Value Stocks Vs Value Traps: Analyze The Accounting by David Merkel, CFA of the Aleph Blog.
One thing that floors me regarding my readers, is who reads me. I have many professional readers who read me regularly, and I thank you for doing so. Tonight’s piece stems from an e-mail from one of my professional readers:
Big compliments for your blog, it’s probably the best on the net and one of the very few I am reading these days. I really like your overall approach to investing and I am using some of your methods myself with success in my ZZZ Fund (ZZZ on Bloomberg) like having an even-weighted portfolio of 30-40 stocks with regular rebalancing or focusing on the strongest players in weak industries (southern European banks anyone?).This mining and metals fund is having a strong year so far
The Delbrook Resources Opportunities Master Fund was up 9.2% for May, bringing its year-to-date return to 33%. Q1 2021 hedge fund letters, conferences and more Dellbrook is an equity long/ short fund that focuses exclusively on the metals and mining sector. It invests mainly in public companies focused on precious, base, energy and industrial metals Read More
Now my question for you that might interest all reader is how you handle potential value traps like Staples, Inc. (NASDAQ:SPLS) that spring on you in slow motion. I think you had that one in your portfolio some time ago, but the specific case doesn’t matter that much. For full disclosure, I am holding Staples in my fund at the moment.
The typical pattern is something like this: You find a stock that has some growth issues, but is attractively valued with a 10% FCF/EV yield, which implies no growth or a slow decline forever. Then there’s a profit warning, the profit or FCF estimate goes down by 10%, but the stock price drops even more by 15% or so. And again and again… or not. It’s especially tricky in cases like Staples where it is not so obvious that their business model is becoming obsolete compared to, for example, Nokia or Blackberry/RIM a few years ago.
In my experience, that’s one of the situations where I tend to lose the most money. How do you handle them? Sell at the first profit warning, reasoning that the investment case got fundamentally altered even though the stock dropped even more? Or keep it and wait for a confirmation of the negative trend? For how long?
Out of experience, I probably should sell Staples asap and have another look in year or so. But the value guy in me can’t sell much hated stocks with high FCF yields and some potential for a fundamental turnaround.
I used to own Staples, but I think their lunch is getting eaten by Amazon.com, Inc. (NASDAQ:AMZN). I sold somewhere in the $16s. Retailers are tough, in my opinion. They are so cyclical and faddish.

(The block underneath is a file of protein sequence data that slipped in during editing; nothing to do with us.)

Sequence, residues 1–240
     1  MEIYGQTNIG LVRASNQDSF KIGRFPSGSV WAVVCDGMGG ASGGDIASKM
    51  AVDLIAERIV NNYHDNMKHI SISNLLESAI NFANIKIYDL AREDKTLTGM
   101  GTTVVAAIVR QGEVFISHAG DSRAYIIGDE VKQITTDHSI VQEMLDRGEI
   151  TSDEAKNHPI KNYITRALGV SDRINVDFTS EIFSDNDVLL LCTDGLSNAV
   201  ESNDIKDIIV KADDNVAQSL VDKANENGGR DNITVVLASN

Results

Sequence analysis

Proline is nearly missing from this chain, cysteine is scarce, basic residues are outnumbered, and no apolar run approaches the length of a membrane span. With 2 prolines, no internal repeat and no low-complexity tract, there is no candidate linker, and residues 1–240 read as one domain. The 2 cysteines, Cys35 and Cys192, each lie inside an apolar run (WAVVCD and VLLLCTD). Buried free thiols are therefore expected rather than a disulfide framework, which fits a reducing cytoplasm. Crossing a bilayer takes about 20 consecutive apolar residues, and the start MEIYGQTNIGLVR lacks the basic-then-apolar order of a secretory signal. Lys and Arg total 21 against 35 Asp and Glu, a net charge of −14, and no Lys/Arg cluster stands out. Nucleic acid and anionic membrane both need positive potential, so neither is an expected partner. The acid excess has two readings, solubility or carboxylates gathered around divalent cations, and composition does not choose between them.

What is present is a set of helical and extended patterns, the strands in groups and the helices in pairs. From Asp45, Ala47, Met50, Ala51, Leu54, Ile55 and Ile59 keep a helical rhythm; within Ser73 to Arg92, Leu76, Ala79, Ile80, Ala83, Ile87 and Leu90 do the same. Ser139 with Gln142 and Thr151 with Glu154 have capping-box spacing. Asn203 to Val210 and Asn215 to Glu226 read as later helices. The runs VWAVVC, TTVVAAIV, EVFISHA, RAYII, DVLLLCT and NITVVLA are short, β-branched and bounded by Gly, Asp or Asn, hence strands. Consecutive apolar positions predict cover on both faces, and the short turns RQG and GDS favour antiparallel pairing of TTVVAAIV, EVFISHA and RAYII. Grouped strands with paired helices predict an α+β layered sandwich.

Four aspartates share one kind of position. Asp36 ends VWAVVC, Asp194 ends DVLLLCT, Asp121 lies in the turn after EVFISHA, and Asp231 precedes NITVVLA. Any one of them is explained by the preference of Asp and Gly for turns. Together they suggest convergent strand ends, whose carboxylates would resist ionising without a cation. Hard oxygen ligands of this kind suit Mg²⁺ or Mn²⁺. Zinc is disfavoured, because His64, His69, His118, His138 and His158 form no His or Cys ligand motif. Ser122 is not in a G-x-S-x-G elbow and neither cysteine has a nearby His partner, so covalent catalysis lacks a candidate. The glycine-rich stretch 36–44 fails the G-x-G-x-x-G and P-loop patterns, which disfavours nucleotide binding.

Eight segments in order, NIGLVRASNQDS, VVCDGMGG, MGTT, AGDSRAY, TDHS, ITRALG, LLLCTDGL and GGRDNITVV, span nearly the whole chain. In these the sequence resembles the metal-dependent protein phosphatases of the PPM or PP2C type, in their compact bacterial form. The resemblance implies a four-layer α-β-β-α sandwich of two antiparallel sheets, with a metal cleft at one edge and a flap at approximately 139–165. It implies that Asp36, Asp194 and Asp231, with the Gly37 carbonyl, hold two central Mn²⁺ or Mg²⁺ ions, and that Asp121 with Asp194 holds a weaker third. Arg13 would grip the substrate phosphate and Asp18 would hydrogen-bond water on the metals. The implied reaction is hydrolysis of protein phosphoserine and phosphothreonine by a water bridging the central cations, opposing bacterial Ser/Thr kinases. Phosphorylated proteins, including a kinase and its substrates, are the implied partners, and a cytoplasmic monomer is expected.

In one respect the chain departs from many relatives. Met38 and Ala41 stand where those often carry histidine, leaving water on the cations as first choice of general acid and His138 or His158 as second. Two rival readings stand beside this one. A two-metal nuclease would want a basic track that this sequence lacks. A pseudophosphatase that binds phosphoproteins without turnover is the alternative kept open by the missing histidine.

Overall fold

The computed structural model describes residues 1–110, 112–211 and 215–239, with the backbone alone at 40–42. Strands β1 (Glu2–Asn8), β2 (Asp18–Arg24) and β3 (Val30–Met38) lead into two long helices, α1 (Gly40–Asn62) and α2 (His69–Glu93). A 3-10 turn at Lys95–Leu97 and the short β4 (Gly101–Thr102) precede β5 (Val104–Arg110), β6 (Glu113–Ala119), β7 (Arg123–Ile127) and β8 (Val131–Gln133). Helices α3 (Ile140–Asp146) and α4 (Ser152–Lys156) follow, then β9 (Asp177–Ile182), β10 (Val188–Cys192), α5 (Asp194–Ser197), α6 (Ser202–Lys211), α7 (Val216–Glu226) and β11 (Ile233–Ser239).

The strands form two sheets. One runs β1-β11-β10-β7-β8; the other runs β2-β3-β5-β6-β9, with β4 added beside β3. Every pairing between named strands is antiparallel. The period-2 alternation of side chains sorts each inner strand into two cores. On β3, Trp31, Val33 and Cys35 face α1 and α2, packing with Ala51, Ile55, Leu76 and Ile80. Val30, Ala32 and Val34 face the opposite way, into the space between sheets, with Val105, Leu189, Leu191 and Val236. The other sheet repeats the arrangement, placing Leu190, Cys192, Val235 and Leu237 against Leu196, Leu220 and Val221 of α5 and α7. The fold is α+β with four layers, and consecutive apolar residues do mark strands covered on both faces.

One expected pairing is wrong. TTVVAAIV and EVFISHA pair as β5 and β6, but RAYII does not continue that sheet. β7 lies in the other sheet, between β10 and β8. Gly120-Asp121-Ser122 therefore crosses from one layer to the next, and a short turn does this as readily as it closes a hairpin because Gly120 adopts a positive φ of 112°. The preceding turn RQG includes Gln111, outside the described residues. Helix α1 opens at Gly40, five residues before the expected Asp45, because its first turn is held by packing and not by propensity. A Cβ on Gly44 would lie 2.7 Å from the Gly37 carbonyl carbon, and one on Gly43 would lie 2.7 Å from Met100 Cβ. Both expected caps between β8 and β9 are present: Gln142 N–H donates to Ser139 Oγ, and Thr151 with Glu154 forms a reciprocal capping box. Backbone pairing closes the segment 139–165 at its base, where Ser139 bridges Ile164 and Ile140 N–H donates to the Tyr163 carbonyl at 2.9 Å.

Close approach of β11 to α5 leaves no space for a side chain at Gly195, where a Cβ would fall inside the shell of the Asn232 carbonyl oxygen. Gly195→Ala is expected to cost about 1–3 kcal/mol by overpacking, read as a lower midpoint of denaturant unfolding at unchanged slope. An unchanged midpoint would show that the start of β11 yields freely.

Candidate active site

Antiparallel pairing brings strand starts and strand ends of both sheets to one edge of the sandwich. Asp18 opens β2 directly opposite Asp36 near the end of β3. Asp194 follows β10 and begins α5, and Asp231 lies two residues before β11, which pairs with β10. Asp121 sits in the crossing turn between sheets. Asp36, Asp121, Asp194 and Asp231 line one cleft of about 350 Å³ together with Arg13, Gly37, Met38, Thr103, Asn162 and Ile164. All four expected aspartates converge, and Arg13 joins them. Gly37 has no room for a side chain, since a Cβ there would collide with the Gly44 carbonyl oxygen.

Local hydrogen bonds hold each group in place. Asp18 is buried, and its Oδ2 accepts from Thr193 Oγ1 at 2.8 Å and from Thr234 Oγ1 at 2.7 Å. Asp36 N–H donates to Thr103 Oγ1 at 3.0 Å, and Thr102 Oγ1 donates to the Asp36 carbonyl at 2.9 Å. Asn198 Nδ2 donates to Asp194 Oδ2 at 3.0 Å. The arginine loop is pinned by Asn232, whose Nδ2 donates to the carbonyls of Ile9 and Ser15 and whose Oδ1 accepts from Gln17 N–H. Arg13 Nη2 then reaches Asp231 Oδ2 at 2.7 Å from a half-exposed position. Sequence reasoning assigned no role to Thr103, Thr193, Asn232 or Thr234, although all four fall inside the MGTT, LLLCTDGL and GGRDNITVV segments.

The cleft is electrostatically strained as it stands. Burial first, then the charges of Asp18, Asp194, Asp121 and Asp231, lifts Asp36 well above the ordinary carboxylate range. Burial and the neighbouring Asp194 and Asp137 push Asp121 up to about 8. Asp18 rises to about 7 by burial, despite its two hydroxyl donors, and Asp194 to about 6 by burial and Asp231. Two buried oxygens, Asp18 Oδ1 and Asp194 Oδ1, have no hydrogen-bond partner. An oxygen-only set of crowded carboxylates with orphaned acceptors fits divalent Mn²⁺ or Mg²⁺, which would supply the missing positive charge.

There are many reasons that a stock can be a value trap. Let me try to list them:
- The accounting is liberal, with revenue recognition policies that let more revenue accrue than will be realized. Or, the assets aren’t worth as much as the book value posits. This is particularly common with financials.
- Many value traps are lower quality companies. They may seem cheap, but there is a lot of debt, and will they earn enough to refinance the debt?
- Some companies waste their free cash flow buying back stock, or acquiring companies that do not add to value. When valuations are high, issue special dividends rather than buying back stock. Your shareholders have better opportunities for the money.
- They are up against stronger competition. Try to understand the industry as a whole, and see whether the company’s profits are likely to come under pressure.
- The high dividend has attracted a lot of yield investors who push the price up, but the yield is not sustainable.
- And there are likely more reasons…
I’ve lost significant money in a few stocks in my life, but only once in the last 10 years. It was a highly levered mortgage REIT that did it “the right way” as I saw it, and was opportunistic with debt assets. I lost 90%+ of my money on that one, one of my worst losses ever. Had I paid greater attention to the amount of leverage, particularly heading into the crisis in 2008, I would not have lost so much.
As a friend of mine once said, “There are lousy companies, but to really see the price fall, it has to have significant debt. I tend to buy higher quality companies. That’s not a panacea, but it tends to prevent large losses. Avoid overly indebted companies relative to the industry.
Analyze the accounting. How much of income is coming from accruals? How often do they deliver negative earnings surprises? How is cash flow from operations versus earnings? Is book value growing a lot more slowly than earnings less dividends would indicate?
Is this a stock held by those sucking on dividends? Is the dividend sustainable? Think of the ’70s where dividend-paying stocks got whacked when they reduced their dividends.
Analyze the competition. It is rarely a good idea to buy the stock of a weak company in a competitive industry, regardless of the valuation. Better to buy the more expensive competitor.
Finally, stock buybacks and acquisitions are not always good. Many stocks, like IBM, tread water because of the buyback. The stock price is too high, and remains too high because of the buyback. There is no good solution to this for IBM management, aside from new avenues of profitable organic growth, and those solutions are rare. Thus I avoid IBM.
My methods aren’t perfect, but they are pretty good. I stumbled into a lot more value traps when I was younger, but not so much anymore. Live and learn.